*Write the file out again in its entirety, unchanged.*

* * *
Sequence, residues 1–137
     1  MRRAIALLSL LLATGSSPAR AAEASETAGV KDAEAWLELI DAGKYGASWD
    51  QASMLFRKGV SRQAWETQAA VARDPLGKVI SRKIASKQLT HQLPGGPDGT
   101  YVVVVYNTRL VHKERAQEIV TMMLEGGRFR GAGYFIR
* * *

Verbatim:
Sequence, residues 1–137
     1  MRRAIALLSL LLATGSSPAR AAEASETAGV KDAEAWLELI DAGKYGASWD
    51  QASMLFRKGV SRQAWETQAA VARDPLGKVI SRKIASKQLT HQLPGGPDGT
   101  YVVVVYNTRL VHKERAQEIV TMMLEGGRFR GAGYFIR